Estate planning is creating a set of instructions that specify how property is handled after death, and how property and health care decisions are handled during a period of incapacity. Proper estate planning is important for everyone. But for unmarried partners, it is critical. Part One of this two-part article will address some issues for unmarried partners to consider for after-death estate planning.
Avoid the State Default Plan
In a way, everyone has an estate plan. For those who haven’t created one, the state has a default plan. Assets will probably go through a court process called intestate (no Will) probate. And a state’s default plan is probably not what most people want. State laws vary, but generally, they direct assets to the closest family members. How a state determines who are the “closest” family members often is complicated for non-nuclear families. But one thing is certain: A nonfamily member, like an unmarried partner, will not receive any of your assets.
A Will Does Not Avoid Probate
A Will is a legal instrument that lists the person’s property (assets) and who should receive them after his/her death (heirs). The assets a Will controls will have to go through probate before they can be fully distributed to the heirs. During probate, a Will becomes a searchable public record. Probate proceedings vary from state to state, but many people view the time, cost, loss of privacy, and loss of control that come with probate as unnecessary evils that should be avoided. The process also invites family members to contest the Will. A nonfamily member, like an unmarried partner, may not receive the assets you leave to him or her in your Will.
How Joint Ownership and Beneficiary Designations Work
Even with a Will in place, all of the assets may not go through probate. Assets with a valid beneficiary designation pass outside probate to the named beneficiaries, and property owned jointly with right of survivorship will automatically transfer to the survivor. But if a beneficiary or joint owner is incapacitated when the owner dies, the court will get involved to protect the beneficiary’s interests. If a beneficiary or joint owner has died before or simultaneously with the owner, or the designation or title is otherwise invalid, those assets will have to go through probate and will be distributed according to the Will or, absent one, under the default state law.
Often, unmarried partners will put both names on a title (especially a home) to ensure the asset will pass to the surviving partner upon the death of the first. But this can create problems.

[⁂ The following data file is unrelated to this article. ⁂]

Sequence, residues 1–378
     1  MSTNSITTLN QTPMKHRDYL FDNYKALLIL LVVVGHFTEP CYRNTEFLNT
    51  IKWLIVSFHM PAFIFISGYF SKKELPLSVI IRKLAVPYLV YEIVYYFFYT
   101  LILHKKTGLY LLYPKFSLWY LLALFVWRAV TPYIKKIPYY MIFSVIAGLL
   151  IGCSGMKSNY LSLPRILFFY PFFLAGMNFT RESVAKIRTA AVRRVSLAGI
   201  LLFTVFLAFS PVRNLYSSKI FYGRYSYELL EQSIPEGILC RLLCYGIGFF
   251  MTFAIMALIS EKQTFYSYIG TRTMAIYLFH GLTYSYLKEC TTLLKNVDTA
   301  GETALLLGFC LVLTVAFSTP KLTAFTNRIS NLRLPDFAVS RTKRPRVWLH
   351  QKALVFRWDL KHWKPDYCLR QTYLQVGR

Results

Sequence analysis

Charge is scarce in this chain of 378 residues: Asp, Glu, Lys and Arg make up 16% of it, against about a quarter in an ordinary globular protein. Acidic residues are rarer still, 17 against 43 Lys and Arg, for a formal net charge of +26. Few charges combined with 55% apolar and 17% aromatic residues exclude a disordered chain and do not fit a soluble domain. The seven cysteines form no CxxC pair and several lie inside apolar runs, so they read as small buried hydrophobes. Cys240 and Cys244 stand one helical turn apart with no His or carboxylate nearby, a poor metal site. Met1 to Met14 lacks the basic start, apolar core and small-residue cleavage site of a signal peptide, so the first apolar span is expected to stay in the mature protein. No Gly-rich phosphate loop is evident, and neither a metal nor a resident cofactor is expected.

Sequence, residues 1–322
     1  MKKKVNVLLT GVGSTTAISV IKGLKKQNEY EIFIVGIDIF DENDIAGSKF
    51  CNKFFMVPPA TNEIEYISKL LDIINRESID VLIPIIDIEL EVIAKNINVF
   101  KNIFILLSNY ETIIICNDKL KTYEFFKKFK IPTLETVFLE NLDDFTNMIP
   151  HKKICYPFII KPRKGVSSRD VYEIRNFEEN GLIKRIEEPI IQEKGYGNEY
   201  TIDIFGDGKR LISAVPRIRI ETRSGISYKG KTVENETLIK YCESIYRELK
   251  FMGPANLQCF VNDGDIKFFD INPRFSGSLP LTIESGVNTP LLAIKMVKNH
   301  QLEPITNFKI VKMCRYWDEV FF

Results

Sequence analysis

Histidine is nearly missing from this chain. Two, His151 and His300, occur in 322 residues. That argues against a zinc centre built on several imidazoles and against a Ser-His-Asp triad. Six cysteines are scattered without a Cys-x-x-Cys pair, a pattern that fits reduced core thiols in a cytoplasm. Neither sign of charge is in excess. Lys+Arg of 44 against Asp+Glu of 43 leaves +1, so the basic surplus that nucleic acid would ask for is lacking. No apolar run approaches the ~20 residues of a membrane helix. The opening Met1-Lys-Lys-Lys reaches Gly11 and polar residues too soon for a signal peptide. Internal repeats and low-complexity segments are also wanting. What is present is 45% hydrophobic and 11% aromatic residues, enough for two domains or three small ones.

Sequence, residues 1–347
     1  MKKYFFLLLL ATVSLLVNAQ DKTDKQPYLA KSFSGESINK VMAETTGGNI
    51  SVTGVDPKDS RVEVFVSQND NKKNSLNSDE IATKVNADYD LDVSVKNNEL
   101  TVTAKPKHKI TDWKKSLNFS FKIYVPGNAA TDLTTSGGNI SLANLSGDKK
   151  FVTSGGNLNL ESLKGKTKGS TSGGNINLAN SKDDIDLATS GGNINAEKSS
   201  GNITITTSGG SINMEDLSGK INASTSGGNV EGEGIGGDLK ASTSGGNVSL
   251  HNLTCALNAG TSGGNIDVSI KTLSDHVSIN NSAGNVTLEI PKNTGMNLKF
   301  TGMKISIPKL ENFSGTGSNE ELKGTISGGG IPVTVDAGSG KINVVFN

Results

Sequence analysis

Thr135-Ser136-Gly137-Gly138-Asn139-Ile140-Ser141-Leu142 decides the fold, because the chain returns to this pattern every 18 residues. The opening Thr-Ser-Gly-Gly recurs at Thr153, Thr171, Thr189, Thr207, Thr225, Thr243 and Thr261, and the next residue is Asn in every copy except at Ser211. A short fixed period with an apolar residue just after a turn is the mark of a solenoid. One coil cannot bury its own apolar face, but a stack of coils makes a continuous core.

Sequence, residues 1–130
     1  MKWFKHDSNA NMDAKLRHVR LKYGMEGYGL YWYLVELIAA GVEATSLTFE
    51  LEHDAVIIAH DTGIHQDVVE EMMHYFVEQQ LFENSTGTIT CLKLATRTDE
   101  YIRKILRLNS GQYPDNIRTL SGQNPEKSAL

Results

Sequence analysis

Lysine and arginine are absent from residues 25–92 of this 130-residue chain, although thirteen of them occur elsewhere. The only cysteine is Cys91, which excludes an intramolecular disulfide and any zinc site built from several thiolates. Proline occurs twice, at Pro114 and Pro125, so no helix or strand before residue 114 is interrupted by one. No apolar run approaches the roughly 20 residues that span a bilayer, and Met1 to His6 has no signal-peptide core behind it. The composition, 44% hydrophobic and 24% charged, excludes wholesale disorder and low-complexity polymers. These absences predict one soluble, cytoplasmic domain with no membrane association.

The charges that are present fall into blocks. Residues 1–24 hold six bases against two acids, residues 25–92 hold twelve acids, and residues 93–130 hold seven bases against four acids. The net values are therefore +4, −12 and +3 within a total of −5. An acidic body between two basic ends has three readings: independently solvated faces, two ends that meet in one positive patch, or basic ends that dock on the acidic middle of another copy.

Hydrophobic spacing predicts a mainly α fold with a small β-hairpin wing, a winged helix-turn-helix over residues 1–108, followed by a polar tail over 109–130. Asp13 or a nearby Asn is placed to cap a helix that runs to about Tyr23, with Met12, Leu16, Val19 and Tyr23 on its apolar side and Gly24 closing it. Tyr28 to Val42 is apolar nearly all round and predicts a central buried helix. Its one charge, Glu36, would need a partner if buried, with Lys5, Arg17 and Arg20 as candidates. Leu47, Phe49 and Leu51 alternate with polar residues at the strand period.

- jointly owned assets are exposed to the joint owner’s possible misuse of them.
- jointly owned assets are exposed to the joint owner’s creditors.
- jointly owned assets can trigger gift tax issues and income tax issues.
- removing a joint owner can be difficult.
- leaving a jointly owned asset to anyone other than the joint owner can be complicated.
- joint ownership does not provide any asset protection to your joint owner after you die.
Joint ownership and beneficiary designations can avoid probate, but often cause unintended consequences—both for you and for your unmarried partner.
How a Revocable Living Trust Works
A far better way to avoid probate is to establish and fully fund a Revocable Living Trust. This document lets you specify how you want your assets handled during your lifetime and after your death. You can be your own trustee and keep full control while you are living. You name a successor trustee, someone you know and trust, to uphold your instructions at your death or incapacity. The beneficiaries you name will receive distributions from the trust. Trusts are carefully structured to minimize tax exposure. Assets that remain in the trust are protected from creditors and predators—yours and your beneficiaries.’
With a Revocable Living Trust, you can avoid the pitfalls of Wills, joint ownership and beneficiary designations:
- avoid the time, cost, loss of privacy, and loss of control of probate;
- avoid uncertainty and unintended consequences; and
- if you and your partner separate, you can simply change your trust without retitling or dividing assets.
A Revocable Living Trust gives you maximum control over your assets, and gives your unmarried partner maximum protection after your death.
Ensure Your Wishes Are Met after Your Death
Unmarried partners do not have the same protections and benefits under the law that married partners have. An estate planning attorney who has experience working with unmarried partners can help you navigate the issues and make sure your after-death plan will work the way you want it to work when it is needed.
Next time, we’ll look at special considerations for unmarried partners in planning for incapacity.